The Golf Performance Center Ridgefield, CT

Before you tell yourself, you
suck…

If you are not where you think you should be with your game, perhaps it is time to step back or step forward and ask the question, why?  Why am I so inconsistent, especially in tournament situations?  Or why am I not getting better with simple mechanical improvements, this can’t be that hard.  Continuing with negative self-talk is surely not the answer for improvement!

Why you “suck” may not have anything to do with your game or mechanics. Life, school, work, peers, and even lack of preparation could be getting in the way. When was the last time you assessed your game and knew where your skills are?  When was the last time you assessed your physical literacy?  When was the last time you practiced or prepared for your round or event with the sole purpose of performing at your best?  Did you take the time to prepare your mind, body and swing properly?  It is easy to blame your coach, or others for your lack of performance. However, when you take a few moments and reflect on what is happening, you may realize that you did not prepare yourself to have your best performance and the frustration is taken out on yourself and others.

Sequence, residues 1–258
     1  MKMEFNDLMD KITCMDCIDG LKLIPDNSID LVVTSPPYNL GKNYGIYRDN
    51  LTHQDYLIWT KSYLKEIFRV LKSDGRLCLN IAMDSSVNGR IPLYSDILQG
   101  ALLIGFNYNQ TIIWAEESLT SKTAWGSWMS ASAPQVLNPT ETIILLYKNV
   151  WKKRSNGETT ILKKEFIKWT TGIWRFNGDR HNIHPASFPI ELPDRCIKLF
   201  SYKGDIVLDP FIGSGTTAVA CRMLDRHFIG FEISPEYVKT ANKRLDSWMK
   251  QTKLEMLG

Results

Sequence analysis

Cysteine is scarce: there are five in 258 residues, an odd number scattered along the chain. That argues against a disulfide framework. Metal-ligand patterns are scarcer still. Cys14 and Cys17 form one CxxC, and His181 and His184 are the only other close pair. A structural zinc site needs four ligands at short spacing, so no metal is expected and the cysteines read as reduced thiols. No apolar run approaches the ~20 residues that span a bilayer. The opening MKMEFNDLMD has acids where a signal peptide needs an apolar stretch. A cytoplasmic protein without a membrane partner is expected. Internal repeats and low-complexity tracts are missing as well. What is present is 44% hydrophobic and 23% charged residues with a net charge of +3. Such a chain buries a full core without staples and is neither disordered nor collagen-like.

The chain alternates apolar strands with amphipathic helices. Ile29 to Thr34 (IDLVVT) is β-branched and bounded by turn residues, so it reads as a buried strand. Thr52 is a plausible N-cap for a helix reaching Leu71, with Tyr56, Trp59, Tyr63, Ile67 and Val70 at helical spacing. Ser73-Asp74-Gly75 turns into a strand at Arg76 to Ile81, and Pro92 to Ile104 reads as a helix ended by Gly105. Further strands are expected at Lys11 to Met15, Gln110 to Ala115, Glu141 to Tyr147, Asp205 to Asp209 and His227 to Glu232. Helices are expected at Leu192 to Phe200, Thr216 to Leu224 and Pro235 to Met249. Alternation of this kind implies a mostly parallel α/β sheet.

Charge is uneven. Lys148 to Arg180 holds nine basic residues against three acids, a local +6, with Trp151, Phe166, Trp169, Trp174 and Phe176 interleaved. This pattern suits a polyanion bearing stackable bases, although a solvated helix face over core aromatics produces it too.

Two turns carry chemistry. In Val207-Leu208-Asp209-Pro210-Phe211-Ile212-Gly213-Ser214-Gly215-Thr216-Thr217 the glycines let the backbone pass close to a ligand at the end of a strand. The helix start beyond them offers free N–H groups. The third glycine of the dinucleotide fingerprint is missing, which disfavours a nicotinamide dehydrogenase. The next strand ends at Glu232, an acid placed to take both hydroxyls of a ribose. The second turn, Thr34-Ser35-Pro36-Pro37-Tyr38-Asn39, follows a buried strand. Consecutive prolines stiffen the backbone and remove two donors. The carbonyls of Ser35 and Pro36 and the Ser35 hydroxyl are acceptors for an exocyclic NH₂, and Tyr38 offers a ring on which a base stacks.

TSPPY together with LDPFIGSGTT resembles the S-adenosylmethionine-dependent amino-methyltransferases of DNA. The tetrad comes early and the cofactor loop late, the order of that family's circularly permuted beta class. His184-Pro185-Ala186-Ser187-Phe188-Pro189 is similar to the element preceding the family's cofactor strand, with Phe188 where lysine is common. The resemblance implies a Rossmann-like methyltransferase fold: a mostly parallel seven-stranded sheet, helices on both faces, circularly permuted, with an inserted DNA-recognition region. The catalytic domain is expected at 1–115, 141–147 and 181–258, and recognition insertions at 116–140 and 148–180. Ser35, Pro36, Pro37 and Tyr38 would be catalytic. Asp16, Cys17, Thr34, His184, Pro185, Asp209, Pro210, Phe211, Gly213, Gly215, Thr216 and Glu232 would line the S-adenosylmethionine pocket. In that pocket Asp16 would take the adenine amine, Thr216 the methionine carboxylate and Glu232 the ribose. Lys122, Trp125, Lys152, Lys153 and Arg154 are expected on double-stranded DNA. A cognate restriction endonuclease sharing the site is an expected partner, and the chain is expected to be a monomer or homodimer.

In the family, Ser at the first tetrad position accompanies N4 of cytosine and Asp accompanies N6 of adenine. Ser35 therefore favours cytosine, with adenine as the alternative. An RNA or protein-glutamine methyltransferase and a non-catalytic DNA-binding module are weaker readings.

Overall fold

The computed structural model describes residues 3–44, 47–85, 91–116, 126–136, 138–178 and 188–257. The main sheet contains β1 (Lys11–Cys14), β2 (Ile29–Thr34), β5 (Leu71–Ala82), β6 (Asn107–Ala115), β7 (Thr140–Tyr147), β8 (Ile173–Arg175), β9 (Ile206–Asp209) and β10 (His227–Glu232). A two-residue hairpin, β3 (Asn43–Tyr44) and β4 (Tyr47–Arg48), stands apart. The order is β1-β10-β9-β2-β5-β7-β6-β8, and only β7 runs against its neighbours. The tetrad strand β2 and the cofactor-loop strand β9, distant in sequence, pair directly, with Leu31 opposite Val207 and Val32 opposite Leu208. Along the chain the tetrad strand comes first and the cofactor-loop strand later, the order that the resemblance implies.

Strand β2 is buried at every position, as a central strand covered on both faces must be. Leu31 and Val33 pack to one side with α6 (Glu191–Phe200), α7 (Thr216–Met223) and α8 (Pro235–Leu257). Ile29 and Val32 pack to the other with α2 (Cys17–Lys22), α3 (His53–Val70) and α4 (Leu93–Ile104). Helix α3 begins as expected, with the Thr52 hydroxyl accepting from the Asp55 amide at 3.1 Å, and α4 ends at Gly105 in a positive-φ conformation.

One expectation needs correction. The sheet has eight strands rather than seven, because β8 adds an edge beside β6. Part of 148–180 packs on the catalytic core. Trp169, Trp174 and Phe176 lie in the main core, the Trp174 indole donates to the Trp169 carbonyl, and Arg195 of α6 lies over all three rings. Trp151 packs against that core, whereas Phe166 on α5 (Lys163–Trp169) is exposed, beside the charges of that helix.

I would recommend spending time to understand how you can have better performances,

1. Prior to your tournament, make sure you play a practice round on the course to understand the landscape. Familiarity helps you feel more comfortable. If you are unable to physically get in a practice, take the time to mentally play a practice round. You can do this by seeing the course on your phone or computer to help visualize your round.

2. Learn how to manage your time off the course leading up to events, this may lead to less mind distractions while on the course.

3.  How you prepare for an event prior will certainly influence your outcomes in the event.  If you are in the mindset of just hitting balls on the range to get into a “groove” and to pump up confidence, this may mislead you to think your skills are better than they are, leading to the philosophy of skill vs challenge ratio; you perceive your skills to be better than they are and the challenge to be easier.  This is a pitfall for many amateur golfers and is often the reason so many golfers give up during rounds, and even quit the game.

4. Be kind to yourself, speak to yourself like you would if you were helping a friend. 

Remember, all the time you spend playing, practicing, working out, and working with your coaches is “studying” and helping you accumulate the nuggets of knowledge that will build up to help your future performances. You don’t suck, you are just learning to be better!

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